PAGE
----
Monthly Archives: April 2013

Pizza and prison

Iraqi park life: no camping gas, no alcohol, no ball games, no hand guns

Iraqi park life: no camping gas, no alcohol, no ball games, no hand guns

It’s my second day here in Sulaymaniyah, and quite a nice laid back sort of day it’s been. I had cold kebab meat pizza for breakfast and spent most of the day smoking, visiting a horrible prison and helping a nervous colleague buy local trousers. I learned that Kurdish for bad is ‘krap’, which is at least easy to remember, and that Italians get very irate if you steal their milk. The amount of meat available has exceeded expectations.

Yesterday we negotiated the renting of two village houses near the site. They have no interior furnishings and smell strongly of poultry, but there’s a nice view of the mountains. Today I was fortunately given immunity from shopping for household goods and instead went to an exciting museum (which are two words I don’t often use together) converted from the evil ba’athist prison where they used to torture people. We had a nice guide who only seemed slightly disappointed that we weren’t very interested in the delightful Kurdish handicrafts but spent an inordinate amount of time taking photos of broken tanks. The highlight was the prison building itself which had been left almost entirely as it was when liberated by peshmerga fighters in 1991, save the removal of considerable human filth and the addition of some lurid manikin dioramas. The experience was fairly harrowing and surreal in places, particularly when our guide asked us if we would like to pose with the dummies reconstructing a man having the soles of his feet beaten. He looked a bit confused when we declined as if this was the highlight of the tour for most visitors (we in fact later saw some young Kurdish women posing with a man being hung by his arms and electrocuted).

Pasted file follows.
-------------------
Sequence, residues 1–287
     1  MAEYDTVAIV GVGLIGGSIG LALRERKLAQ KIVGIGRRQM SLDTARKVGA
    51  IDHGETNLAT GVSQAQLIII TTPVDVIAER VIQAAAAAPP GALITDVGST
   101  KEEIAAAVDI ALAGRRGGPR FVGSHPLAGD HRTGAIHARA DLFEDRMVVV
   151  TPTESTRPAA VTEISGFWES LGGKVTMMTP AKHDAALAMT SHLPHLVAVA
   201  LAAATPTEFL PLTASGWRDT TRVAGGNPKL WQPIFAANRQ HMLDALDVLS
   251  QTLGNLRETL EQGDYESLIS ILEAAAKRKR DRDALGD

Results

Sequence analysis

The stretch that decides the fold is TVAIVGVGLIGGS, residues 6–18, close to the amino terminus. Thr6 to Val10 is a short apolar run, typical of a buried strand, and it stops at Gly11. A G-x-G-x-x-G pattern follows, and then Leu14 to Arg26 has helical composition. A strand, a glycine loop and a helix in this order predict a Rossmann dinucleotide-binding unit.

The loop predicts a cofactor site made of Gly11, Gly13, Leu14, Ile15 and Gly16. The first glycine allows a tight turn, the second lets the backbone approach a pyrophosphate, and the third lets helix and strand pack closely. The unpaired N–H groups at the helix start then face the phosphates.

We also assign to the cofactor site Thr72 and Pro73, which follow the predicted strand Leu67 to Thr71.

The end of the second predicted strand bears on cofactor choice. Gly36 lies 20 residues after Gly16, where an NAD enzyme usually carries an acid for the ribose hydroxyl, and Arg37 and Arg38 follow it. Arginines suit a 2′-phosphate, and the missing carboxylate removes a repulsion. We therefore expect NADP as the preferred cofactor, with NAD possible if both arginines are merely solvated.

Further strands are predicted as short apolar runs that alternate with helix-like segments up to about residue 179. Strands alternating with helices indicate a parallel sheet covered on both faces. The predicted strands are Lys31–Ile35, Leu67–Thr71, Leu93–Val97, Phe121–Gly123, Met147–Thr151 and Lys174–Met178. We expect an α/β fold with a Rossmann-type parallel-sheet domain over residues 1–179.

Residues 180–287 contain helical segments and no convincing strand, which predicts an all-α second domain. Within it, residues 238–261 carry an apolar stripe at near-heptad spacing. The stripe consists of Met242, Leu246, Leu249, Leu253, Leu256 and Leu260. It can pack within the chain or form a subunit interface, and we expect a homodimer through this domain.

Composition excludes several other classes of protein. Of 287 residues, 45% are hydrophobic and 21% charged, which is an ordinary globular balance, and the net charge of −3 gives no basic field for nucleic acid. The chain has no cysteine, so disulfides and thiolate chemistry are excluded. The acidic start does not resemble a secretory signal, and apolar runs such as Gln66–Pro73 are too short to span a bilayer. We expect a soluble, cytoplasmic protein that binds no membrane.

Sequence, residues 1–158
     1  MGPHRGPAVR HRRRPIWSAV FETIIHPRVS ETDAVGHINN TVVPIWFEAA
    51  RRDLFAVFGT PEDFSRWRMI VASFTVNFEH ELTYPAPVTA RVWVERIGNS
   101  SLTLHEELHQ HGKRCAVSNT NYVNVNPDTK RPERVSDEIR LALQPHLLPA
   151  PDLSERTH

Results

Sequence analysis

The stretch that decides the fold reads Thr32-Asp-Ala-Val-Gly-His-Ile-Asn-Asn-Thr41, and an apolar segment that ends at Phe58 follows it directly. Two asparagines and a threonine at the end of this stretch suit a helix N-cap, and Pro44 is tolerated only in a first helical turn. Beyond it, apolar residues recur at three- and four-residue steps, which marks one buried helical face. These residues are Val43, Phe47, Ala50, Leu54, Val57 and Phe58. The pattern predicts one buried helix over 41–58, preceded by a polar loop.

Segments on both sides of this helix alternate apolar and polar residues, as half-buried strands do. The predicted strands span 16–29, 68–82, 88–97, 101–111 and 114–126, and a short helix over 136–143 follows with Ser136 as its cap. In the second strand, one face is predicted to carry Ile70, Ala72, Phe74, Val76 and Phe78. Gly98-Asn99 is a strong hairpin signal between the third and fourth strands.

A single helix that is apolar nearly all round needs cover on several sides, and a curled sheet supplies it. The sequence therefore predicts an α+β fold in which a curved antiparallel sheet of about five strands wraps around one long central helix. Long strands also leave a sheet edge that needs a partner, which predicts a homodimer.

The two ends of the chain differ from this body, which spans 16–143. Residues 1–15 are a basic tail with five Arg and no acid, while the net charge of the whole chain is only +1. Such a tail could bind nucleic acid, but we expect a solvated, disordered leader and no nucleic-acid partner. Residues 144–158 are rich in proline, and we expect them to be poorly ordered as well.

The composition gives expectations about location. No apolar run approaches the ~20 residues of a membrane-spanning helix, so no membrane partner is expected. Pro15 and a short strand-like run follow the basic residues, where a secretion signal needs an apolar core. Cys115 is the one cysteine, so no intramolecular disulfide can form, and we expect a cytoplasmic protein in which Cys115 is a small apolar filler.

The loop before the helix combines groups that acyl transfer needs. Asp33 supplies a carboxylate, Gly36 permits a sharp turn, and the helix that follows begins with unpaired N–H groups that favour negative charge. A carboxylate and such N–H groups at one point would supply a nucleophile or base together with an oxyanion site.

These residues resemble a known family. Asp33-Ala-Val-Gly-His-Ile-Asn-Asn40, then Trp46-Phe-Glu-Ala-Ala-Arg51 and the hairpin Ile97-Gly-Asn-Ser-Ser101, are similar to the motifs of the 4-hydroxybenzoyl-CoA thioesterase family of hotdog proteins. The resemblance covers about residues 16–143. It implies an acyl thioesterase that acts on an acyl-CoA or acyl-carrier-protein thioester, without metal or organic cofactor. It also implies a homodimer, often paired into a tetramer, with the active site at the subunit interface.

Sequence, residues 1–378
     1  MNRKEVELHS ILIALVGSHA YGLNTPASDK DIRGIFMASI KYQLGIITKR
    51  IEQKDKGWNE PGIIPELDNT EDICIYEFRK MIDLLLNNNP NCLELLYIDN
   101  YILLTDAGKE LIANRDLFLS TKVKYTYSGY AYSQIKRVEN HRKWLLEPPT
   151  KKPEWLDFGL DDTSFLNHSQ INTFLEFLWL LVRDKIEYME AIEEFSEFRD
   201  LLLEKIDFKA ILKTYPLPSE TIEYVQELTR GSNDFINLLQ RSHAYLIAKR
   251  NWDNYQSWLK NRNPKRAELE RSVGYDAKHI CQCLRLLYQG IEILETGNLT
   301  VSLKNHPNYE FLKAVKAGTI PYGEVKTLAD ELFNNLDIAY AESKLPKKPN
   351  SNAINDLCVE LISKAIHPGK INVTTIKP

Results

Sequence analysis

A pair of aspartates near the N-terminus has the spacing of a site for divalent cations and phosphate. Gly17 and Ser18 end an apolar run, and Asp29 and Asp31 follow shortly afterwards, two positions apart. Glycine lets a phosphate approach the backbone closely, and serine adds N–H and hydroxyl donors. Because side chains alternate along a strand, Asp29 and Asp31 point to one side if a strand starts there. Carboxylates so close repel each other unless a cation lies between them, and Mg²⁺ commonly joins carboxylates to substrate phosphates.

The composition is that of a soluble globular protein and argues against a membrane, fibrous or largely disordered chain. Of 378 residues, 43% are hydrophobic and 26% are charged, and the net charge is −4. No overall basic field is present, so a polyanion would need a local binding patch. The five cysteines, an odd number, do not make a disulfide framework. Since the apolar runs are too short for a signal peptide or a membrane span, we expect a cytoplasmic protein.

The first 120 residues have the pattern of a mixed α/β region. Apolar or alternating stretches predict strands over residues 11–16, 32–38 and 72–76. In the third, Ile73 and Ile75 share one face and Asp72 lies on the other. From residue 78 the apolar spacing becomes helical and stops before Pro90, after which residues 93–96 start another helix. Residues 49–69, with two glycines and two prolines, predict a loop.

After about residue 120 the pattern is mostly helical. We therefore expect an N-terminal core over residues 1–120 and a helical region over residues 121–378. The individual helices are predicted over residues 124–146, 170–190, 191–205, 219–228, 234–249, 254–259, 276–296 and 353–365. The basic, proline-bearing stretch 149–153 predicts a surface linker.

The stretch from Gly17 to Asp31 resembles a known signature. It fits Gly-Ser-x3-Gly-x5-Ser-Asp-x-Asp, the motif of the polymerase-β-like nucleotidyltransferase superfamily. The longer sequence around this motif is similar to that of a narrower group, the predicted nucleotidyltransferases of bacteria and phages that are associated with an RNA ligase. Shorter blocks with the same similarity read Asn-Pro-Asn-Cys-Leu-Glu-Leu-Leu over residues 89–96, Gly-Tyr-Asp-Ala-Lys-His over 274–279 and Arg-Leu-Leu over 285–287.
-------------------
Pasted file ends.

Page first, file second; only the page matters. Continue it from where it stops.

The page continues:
"would you like to stand next to this man? I can take nice photo."

“would you like to stand next to this man? I can take a photo.”

Me and two colleagues then retired to a dark, windowless shisha cafe where we smoked for two hours while watching Blade Trinity on the television and being relentlessly stared at by young men. I no longer consider myself to be a competent producer of smoke rings having been in the presence of masters. I am only at the start of a long and smoky path.

Death's disco: There are 4,500 little lights, each representing a village destroyed in the Anfal campaign, and 180,000 mirror shards, each representing a person killed

Death’s disco: There are 4,500 little lights, each representing a village destroyed in the Anfal campaign, and 180,000 mirror shards, each representing a person killed

Quick change act

"Where's episode 4 Mr Teijens?" "She's bloody well left us in Egypt Miss Wannop."

“Where’s episode 4 Mr Teijens?” “She’s bloody well left us in Egypt Miss Wannop.”

Everything is finally repacked in a bag I haven’t tried lifting yet and I’m off to Iraq. In my 48 hours in the UK I’ve washed almost every item of clothing I own, applied for a post-doctoral research fellowship, been to the dentist and eaten an extraordinary amount of meat. The packing process hasn’t gone totally smoothly as I appear to have left my case of DVDs in Egypt; how am I supposed to cope when I still have two episodes of Parade’s End left? And it contains all eight disks of Evangelion, and most of my superhero films. I’m left with the dregs of my DVD collection – Ridley Scott’s Robin Hood, some old episodes of Hornblower and series 2 of Blake’s 7. It’s going to be a long old season. I’ve assembled an ambitiously intellectual range of books, mostly the ones I didn’t read in Egypt because I couldn’t be bothered with them and borrowed Harry Potter 6 and 7 from the dig house library.

The emptying of bags and shoes: if I save, one day I'll have enough for a desert of my own

The emptying of bags and shoes: if I save, one day I’ll have enough for a desert of my own